Phivolcs to quake survivors: Get your houses checked by engineers

Kristine Sabillo, ABS-CBN News

Posted at Dec 16 2019 07:02 PM

Soldiers walk among debris in Padada town, Davao del Sur province on the southern island of Mindanao on December 16, 2019, following a 6.9-magnitude earthquake on December 15. Manman Dejeto, AFP

Is your house ready for earthquakes? 

The Philippine Institute of Volcanology and Seismology (Phivolcs) gave this advice Monday, saying survivors of the recent 6.9-magnitude earthquake in Mindanao should not stay in their houses unless they get an engineer to confirm that it can withstand another temblor.

"If their house is located in an area, which is hazardous – along landslide prone areas, liquefaction prone, and we think the house is already weakened to the point of collapse, it's better they stay out (of their homes),” Ishmael Narag, officer-in-charge of Phivolcs’ Seismological Observation and Earthquake Prediction Division, told ABS-CBN on Monday.

The recent 6.9-magnitude earthquake is the strongest major quake (magnitude 6 and up) to hit the Mindanao area since October. In October, four major earthquakes struck Cotabato, and left more than 20 people dead and tens of thousands homeless.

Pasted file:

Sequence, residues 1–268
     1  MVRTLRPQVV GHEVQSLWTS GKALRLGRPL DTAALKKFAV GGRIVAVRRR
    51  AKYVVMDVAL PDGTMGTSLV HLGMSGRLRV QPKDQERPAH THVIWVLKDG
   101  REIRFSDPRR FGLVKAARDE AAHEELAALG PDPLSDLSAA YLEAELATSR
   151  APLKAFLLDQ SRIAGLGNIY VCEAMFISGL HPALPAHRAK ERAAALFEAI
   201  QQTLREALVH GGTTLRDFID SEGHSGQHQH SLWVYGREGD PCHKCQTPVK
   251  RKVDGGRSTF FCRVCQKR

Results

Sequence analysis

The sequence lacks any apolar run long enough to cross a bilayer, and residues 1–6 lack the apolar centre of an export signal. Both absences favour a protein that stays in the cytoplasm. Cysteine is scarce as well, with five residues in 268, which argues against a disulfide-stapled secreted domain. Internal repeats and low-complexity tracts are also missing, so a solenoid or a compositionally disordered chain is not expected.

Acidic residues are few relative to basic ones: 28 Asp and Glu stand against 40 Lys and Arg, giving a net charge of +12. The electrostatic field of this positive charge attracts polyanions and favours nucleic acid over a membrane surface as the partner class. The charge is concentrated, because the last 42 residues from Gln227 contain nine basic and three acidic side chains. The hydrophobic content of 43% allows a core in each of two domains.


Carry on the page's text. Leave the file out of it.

Structures that stayed standing after the first earthquake crumbled when the next ones hit. Meanwhile, many residents chose to sleep out in the open for weeks instead of staying in their houses as hundreds of aftershocks were felt in Cotabato and other affected areas.

Narag said Phivolcs is not discounting the possibility of another quake in Davao del Sur, especially as they are studying how the Tangbulan Fault, which most likely caused the 6.9-magnitude earthquake, is connected to the Cotabato Fault System that is responsible for the October quakes.

Fault lines that are interconnected can trigger each other because of “stress transfer,” he said.

“If they have suspicions (that their houses) are weakened but it’s not manifested, it’s better to consult with an engineer,” Narag advised Mindanao residents. “The engineer would bring tools to identify (if the house is structurally okay)."

Narag said an engineer would be able to give residents sound engineering advice to strengthen the structure of their houses and to “make it more resistant to future events (earthquakes).”

He pointed out that buildings are required to withstand “at least one (major disaster) not several events.”

Narag said people should also focus on response and recovery instead of reconstruction as they monitoring the fault movements in Mindanao.